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The Center for Native Grasslands Management

Title: Pathways of grazing effects on soil organic carbon and nitrogen
Year: 2010
Author(s): Piñeiro, G., Paruelo, K., Oesterheld, M., Jobbágy, E. G.
Source Title: Rangeland Ecology & Management
Source Type: Journal
pages: 109-119
Original Publication: http://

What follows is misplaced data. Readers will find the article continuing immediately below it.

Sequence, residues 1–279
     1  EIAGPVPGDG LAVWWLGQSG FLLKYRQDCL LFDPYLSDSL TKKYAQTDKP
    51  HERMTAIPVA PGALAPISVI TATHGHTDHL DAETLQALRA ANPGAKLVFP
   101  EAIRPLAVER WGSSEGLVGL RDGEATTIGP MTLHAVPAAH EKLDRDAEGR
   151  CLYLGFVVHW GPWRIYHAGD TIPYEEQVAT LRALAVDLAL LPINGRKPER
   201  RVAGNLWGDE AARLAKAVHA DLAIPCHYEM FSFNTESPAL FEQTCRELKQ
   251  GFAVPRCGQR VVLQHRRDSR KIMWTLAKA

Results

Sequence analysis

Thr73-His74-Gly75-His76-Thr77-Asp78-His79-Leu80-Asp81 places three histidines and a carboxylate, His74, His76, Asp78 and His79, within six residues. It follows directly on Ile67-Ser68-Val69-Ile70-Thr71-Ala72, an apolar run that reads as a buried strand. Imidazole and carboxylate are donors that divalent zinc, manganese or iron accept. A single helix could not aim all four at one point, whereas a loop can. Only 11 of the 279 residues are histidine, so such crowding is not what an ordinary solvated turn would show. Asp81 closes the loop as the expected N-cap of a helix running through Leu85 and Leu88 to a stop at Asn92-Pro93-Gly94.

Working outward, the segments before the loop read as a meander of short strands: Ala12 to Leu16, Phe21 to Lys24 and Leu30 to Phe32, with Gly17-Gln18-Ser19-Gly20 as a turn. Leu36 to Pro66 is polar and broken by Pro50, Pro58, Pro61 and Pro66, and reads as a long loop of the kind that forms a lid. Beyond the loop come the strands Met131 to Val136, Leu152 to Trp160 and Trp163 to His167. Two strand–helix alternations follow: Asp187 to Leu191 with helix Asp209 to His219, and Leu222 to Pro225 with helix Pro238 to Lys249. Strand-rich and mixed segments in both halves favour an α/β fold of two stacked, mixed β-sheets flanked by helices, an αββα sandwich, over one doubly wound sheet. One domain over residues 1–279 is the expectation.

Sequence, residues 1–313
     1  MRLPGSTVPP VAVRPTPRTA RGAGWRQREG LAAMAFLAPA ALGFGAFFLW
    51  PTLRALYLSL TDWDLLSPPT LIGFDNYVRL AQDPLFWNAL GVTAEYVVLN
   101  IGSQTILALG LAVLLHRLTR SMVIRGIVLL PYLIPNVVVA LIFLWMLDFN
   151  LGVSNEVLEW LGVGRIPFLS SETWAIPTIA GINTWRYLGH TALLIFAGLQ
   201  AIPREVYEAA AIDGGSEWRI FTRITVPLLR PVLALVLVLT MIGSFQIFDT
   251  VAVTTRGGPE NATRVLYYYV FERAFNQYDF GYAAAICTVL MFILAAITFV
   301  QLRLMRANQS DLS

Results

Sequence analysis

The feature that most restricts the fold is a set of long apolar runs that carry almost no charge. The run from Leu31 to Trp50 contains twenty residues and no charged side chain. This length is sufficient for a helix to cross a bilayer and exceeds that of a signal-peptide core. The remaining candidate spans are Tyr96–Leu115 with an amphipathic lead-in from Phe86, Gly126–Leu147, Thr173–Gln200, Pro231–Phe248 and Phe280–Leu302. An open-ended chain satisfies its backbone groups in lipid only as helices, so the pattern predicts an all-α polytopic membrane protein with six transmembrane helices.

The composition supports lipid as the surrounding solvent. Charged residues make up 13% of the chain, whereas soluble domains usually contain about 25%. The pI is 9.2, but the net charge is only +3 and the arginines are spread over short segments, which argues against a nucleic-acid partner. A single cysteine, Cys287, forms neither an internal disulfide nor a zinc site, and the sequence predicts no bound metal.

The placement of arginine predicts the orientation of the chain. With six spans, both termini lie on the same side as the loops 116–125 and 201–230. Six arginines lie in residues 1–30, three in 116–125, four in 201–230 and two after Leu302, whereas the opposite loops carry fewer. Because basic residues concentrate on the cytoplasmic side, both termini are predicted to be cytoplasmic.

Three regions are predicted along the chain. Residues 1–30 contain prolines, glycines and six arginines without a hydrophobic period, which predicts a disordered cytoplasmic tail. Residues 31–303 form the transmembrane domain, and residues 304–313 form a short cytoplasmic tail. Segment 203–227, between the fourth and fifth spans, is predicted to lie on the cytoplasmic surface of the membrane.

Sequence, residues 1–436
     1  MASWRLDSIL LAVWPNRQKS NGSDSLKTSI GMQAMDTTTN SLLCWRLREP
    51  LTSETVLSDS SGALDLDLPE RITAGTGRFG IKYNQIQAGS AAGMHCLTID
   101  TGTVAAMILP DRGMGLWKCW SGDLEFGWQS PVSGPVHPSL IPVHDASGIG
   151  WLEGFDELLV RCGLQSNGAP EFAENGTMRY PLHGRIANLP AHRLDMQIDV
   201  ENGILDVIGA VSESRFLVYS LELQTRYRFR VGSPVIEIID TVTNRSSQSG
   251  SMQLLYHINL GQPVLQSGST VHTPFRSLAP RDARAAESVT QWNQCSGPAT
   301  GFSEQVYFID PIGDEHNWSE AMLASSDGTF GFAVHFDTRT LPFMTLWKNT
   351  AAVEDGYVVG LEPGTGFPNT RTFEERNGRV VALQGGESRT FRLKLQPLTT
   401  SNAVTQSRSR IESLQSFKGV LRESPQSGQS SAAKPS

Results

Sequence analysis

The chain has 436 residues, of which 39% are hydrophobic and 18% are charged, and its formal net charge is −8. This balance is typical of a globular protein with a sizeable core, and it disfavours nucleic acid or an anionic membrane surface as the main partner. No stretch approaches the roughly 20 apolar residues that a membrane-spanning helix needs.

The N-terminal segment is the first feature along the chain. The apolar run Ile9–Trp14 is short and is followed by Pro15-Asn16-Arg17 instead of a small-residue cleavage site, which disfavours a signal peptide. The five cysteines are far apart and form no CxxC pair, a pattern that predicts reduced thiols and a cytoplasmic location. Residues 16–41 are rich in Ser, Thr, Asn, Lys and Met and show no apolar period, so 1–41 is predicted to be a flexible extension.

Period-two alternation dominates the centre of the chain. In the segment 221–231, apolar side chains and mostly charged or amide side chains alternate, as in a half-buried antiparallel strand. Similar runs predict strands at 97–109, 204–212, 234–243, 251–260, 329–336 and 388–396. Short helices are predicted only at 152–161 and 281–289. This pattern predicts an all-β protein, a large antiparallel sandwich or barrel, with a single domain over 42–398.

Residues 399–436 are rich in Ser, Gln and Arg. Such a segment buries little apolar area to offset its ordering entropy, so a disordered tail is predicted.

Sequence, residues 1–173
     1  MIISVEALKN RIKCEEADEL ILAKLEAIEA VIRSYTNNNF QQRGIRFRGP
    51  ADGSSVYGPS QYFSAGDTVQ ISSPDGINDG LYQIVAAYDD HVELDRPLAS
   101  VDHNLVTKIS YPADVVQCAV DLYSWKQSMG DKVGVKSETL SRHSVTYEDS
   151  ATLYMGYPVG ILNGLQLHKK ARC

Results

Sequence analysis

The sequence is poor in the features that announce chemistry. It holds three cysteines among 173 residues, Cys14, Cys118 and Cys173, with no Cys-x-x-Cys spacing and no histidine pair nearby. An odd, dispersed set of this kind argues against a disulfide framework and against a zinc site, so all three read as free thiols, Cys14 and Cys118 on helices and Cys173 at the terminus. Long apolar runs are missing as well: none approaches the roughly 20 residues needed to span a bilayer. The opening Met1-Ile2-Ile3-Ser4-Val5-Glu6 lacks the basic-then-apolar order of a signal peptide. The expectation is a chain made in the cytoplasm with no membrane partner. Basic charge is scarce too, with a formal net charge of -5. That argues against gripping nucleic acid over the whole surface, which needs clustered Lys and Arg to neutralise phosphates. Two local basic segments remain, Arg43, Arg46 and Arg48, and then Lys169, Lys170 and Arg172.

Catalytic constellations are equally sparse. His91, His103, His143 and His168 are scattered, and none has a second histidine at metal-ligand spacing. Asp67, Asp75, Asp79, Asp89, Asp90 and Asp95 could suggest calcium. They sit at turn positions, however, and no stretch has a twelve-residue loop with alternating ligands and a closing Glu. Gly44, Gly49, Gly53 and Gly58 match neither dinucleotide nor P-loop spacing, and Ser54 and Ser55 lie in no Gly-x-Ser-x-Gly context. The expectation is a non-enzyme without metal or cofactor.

Abstract: Grazing modifies the structure and function of ecosystems, affecting soil organic carbon (SOC) storage. Although grazing effects on some ecosystem attributes have been thoroughly reviewed, current literature on grazing effects on SOC needs to be synthesized. Our objective was to synthesize the effects of grazing on SOC stocks in grasslands, establishing the major mechanistic pathways involved. Additionally, and because of its importance for carbon (C) biogeochemistry, we discuss the controls of soil organic nitrogen (N) stocks. We reviewed articles analyzing grazing effects on soil organic matter (SOM) stocks by comparing grazed vs. ungrazed sites, including 67 paired comparisons. SOC increased, decreased, or remained unchanged under contrasting grazing conditions across temperature and precipitation gradients, which suggests that grazing influences the factors that control SOC accumulation in a complex way. However, our review also revealed some general patterns such as 1) root contents (a primary control of SOC formation) were higher in grazed than in their ungrazed counterparts at the driest and wettest sites, but were lower at sites with intermediate precipitation (,400 mm to 850 mm); 2) SOM C:N ratios frequently increased under grazing conditions, which suggests potential N limitations for SOM formation under grazing; and 3) bulk density either increased or did not change in grazed sites. Nearly all sites located in the intermediate precipitation range showed decreases or no changes in SOC. We grouped previously proposed mechanisms of grazing control over SOC into three major pathways that can operate simultaneously: 1) changes in net primary production (NPP pathway), 2) changes in nitrogen stocks (nitrogen pathway), and 3) changes in organic matter decomposition (decomposition pathway). The relative importance of the three pathways may generate variable responses of SOC to grazing. Our conceptual model suggests that rangeland productivity and soil carbon sequestration can be simultaneously increased by management practices aimed at increasing N retention at the landscape level.